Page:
I’ve perused the notes and they heavily rely on problem solving to learn the material. It seems like a Moore method style of exposition which I really like. Arnold is a master of mathematical writing and teaching.
We no longer teach the formulas for solving cubic and quartic polynomial equations. Nowadays we just teach linear and quadratic equations. For the most part every algebraic equation you can solve by hand that we teach in basic algebra is an equation that can be reduced to a linear equation or a quadratic equation. It’s amazing how many applied problems can be accomplished by this reduction. With the rise of computers and easy numerical computations this isn’t so important but imagine a scenario in which the useful applications all involved degree 5 or higher polynomials. Would we have progressed much?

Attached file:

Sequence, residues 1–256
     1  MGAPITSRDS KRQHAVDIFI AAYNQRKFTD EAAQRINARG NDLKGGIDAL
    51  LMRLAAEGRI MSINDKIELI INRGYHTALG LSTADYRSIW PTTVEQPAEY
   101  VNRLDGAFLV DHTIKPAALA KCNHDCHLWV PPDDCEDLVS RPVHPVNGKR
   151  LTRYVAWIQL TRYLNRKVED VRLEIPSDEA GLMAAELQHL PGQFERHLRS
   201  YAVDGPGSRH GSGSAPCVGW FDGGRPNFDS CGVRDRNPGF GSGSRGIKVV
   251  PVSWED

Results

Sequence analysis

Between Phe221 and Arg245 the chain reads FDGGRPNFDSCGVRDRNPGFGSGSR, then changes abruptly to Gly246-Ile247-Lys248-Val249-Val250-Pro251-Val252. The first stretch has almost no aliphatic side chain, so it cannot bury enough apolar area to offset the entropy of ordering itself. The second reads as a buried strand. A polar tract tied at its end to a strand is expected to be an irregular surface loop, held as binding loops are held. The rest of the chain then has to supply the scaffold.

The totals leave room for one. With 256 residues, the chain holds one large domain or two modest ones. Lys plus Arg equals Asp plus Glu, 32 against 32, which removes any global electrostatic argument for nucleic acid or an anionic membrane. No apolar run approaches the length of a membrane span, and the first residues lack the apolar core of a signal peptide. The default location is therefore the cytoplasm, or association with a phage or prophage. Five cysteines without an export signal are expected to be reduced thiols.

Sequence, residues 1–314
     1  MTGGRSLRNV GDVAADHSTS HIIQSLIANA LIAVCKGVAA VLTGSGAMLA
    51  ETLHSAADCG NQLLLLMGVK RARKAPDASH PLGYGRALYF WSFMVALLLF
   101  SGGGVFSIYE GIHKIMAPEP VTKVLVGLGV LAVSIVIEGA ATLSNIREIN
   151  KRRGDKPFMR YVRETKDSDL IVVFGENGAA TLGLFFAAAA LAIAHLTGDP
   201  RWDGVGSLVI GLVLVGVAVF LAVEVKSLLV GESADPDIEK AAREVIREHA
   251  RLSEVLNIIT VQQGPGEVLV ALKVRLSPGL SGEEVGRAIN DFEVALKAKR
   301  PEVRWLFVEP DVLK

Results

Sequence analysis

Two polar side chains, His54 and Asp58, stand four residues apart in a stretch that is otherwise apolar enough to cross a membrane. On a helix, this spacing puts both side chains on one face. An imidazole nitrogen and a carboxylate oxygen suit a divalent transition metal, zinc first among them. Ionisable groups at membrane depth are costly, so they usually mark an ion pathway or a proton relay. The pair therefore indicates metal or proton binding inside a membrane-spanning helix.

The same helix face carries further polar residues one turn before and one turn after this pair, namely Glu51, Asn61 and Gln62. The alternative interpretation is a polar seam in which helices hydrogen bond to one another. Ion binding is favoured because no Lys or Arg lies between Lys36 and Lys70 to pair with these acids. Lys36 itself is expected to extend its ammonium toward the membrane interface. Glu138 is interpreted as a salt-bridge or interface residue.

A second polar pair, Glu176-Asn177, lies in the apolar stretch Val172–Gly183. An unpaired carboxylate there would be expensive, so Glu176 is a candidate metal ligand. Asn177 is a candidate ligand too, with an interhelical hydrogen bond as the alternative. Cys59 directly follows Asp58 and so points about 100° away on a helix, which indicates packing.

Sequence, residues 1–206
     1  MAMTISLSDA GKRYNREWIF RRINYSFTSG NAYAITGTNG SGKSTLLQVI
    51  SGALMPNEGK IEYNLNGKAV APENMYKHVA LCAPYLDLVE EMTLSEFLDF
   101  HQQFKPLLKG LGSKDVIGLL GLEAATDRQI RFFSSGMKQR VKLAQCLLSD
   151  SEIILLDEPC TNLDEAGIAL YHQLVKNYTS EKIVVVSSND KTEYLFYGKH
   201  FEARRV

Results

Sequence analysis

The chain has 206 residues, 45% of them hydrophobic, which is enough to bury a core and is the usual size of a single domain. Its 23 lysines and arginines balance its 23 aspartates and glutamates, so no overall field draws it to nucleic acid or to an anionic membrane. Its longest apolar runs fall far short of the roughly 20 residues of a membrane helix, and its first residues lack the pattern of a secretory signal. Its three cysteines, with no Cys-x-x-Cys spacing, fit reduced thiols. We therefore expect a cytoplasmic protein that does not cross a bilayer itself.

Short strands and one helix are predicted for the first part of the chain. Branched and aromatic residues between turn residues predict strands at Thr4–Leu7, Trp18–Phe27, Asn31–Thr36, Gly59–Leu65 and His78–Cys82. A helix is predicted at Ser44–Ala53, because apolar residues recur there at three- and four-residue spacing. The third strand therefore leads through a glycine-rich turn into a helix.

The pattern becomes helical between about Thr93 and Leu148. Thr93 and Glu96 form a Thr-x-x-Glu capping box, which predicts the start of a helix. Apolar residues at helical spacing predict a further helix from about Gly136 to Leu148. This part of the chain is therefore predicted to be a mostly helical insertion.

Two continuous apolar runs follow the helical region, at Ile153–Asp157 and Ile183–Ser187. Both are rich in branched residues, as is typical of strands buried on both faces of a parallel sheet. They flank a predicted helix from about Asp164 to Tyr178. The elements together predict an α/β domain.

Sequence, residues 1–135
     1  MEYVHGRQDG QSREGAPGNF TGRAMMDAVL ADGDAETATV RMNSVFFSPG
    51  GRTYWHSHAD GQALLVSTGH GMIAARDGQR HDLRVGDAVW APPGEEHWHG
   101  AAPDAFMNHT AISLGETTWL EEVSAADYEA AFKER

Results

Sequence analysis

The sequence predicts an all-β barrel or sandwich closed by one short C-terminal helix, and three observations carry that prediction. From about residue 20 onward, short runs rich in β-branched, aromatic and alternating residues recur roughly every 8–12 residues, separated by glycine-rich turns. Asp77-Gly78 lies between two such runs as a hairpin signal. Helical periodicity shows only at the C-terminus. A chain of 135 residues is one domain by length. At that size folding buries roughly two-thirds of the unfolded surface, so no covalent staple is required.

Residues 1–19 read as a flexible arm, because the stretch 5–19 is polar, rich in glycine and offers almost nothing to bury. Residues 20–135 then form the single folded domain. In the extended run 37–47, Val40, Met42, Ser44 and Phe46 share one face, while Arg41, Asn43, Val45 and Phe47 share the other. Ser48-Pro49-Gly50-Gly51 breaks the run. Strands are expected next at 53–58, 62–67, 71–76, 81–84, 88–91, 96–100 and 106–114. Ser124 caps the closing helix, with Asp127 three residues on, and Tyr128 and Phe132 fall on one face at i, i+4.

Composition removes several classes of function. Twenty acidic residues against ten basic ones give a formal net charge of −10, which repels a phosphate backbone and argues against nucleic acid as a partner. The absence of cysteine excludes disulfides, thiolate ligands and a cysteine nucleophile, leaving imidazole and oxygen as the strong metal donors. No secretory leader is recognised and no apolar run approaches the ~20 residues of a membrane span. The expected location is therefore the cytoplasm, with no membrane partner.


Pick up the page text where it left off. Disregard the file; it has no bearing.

You can always approximate a polynomial around a point with a lower-degree polynomial. They will only diverge farther out. As a result whenever physics produces a high-degree polynomial we can inspect certain behaviors in a lower degree. This doesn't help with every case, but it does enough for the situation that many questions become answerable.
If all you changed was physics, the Taylor series thing would put quadratics right back into their position of importance.
You must be posting from a phone.